Fit a linear model by robust regression using an M estimator.

`rlm(x, …)`# S3 method for formula
rlm(formula, data, weights, …, subset, na.action,
method = c("M", "MM", "model.frame"),
wt.method = c("inv.var", "case"),
model = TRUE, x.ret = TRUE, y.ret = FALSE, contrasts = NULL)

# S3 method for default
rlm(x, y, weights, …, w = rep(1, nrow(x)),
init = "ls", psi = psi.huber,
scale.est = c("MAD", "Huber", "proposal 2"), k2 = 1.345,
method = c("M", "MM"), wt.method = c("inv.var", "case"),
maxit = 20, acc = 1e-4, test.vec = "resid", lqs.control = NULL)

psi.huber(u, k = 1.345, deriv = 0)
psi.hampel(u, a = 2, b = 4, c = 8, deriv = 0)
psi.bisquare(u, c = 4.685, deriv = 0)

formula

a formula of the form `y ~ x1 + x2 + …`

.

data

an optional data frame, list or environment from which variables
specified in `formula`

are preferentially to be taken.

weights

a vector of prior weights for each case.

subset

An index vector specifying the cases to be used in fitting.

na.action

x

a matrix or data frame containing the explanatory variables.

y

the response: a vector of length the number of rows of `x`

.

method

currently either M-estimation or MM-estimation or (for the
`formula`

method only) find the model frame. MM-estimation
is M-estimation with Tukey's biweight initialized by a specific
S-estimator. See the ‘Details’ section.

wt.method

are the weights case weights (giving the relative importance of case, so a weight of 2 means there are two of these) or the inverse of the variances, so a weight of two means this error is half as variable?

model

should the model frame be returned in the object?

x.ret

should the model matrix be returned in the object?

y.ret

should the response be returned in the object?

contrasts

optional contrast specifications: see `lm`

.

w

(optional) initial down-weighting for each case.

init

(optional) initial values for the coefficients OR a method to find
initial values OR the result of a fit with a `coef`

component. Known
methods are `"ls"`

(the default) for an initial least-squares fit
using weights `w*weights`

, and `"lts"`

for an unweighted
least-trimmed squares fit with 200 samples.

psi

the psi function is specified by this argument. It must give
(possibly by name) a function `g(x, …, deriv)`

that for
`deriv=0`

returns psi(x)/x and for `deriv=1`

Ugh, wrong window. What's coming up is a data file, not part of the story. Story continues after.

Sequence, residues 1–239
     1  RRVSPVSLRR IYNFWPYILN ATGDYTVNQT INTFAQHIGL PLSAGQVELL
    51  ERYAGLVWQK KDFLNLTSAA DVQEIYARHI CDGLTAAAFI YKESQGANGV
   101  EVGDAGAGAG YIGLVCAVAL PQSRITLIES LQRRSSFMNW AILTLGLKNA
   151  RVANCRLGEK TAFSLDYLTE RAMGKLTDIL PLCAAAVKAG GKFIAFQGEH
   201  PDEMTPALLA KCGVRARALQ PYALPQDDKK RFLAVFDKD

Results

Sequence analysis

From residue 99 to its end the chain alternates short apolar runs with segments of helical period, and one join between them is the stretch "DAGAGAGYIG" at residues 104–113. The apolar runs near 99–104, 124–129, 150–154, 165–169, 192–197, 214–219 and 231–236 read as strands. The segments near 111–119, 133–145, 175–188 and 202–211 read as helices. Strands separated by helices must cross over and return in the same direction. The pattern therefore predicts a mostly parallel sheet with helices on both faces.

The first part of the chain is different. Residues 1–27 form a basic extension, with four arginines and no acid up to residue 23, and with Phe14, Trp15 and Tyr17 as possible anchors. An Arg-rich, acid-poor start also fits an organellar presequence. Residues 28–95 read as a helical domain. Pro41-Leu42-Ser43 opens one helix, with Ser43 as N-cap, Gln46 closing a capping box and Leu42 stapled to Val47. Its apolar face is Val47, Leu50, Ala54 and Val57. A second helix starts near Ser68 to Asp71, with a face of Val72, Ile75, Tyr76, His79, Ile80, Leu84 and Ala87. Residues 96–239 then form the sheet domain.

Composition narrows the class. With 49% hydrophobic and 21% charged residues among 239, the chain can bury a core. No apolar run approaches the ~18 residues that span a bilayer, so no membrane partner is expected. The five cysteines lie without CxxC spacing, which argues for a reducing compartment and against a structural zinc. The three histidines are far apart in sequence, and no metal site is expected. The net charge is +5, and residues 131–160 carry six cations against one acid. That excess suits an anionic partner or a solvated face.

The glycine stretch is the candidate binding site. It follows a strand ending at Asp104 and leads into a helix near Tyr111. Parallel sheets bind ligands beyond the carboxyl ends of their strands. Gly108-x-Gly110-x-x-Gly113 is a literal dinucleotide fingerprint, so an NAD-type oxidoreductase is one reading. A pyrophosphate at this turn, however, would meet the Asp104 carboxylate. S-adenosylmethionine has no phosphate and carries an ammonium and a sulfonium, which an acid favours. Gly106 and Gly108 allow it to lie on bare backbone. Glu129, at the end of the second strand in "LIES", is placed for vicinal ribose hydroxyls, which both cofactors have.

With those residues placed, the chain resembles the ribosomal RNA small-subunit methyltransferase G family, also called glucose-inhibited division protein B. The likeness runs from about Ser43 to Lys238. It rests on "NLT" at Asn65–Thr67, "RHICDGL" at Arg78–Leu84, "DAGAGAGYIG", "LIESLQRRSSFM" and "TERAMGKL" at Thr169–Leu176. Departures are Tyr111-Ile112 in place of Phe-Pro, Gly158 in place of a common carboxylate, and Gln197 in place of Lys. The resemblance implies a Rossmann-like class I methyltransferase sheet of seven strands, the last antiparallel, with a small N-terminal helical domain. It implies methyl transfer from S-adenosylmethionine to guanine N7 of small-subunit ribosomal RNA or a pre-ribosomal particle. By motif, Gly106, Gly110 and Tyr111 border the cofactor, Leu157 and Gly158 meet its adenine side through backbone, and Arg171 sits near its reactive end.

returns
psi'(x). Tuning constants will be passed in via `…`

.

scale.est

method of scale estimation: re-scaled MAD of the residuals (default)
or Huber's proposal 2 (which can be selected by either `"Huber"`

or `"proposal 2"`

).

k2

tuning constant used for Huber proposal 2 scale estimation.

maxit

the limit on the number of IWLS iterations.

acc

the accuracy for the stopping criterion.

test.vec

the stopping criterion is based on changes in this vector.

…

additional arguments to be passed to `rlm.default`

or to the `psi`

function.

lqs.control

An optional list of control values for `lqs`

.

u

numeric vector of evaluation points.

k, a, b, c

tuning constants.

deriv

`0`

or `1`

: compute values of the psi function or of its
first derivative.

An object of class `"rlm"`

inheriting from `"lm"`

.
Note that the `df.residual`

component is deliberately set to
`NA`

to avoid inappropriate estimation of the residual scale from
the residual mean square by `"lm"`

methods.

The additional components not in an `lm`

object are

the robust scale estimate used

the weights used in the IWLS process

the psi function with parameters substituted

the convergence criteria at each iteration

did the IWLS converge?

a working residual, weighted for `"inv.var"`

weights only.

Fitting is done by iterated re-weighted least squares (IWLS).

Psi functions are supplied for the Huber, Hampel and Tukey bisquare
proposals as `psi.huber`

, `psi.hampel`

and
`psi.bisquare`

. Huber's corresponds to a convex optimization
problem and gives a unique solution (up to collinearity). The other
two will have multiple local minima, and a good starting point is
desirable.

Selecting `method = "MM"`

selects a specific set of options which
ensures that the estimator has a high breakdown point. The initial set
of coefficients and the final scale are selected by an S-estimator
with `k0 = 1.548`

; this gives (for \(n \gg p\))
breakdown point 0.5.
The final estimator is an M-estimator with Tukey's biweight and fixed
scale that will inherit this breakdown point provided `c > k0`

;
this is true for the default value of `c`

that corresponds to
95% relative efficiency at the normal. Case weights are not
supported for `method = "MM"`

.

P. J. Huber (1981)
*Robust Statistics*.
Wiley.

F. R. Hampel, E. M. Ronchetti, P. J. Rousseeuw and W. A. Stahel (1986)
*Robust Statistics: The Approach based on Influence Functions*.
Wiley.

A. Marazzi (1993)
*Algorithms, Routines and S Functions for Robust Statistics*.
Wadsworth & Brooks/Cole.

Venables, W. N. and Ripley, B. D. (2002)
*Modern Applied Statistics with S.* Fourth edition. Springer.

```
# NOT RUN {
summary(rlm(stack.loss ~ ., stackloss))
rlm(stack.loss ~ ., stackloss, psi = psi.hampel, init = "lts")
rlm(stack.loss ~ ., stackloss, psi = psi.bisquare)
# }
```

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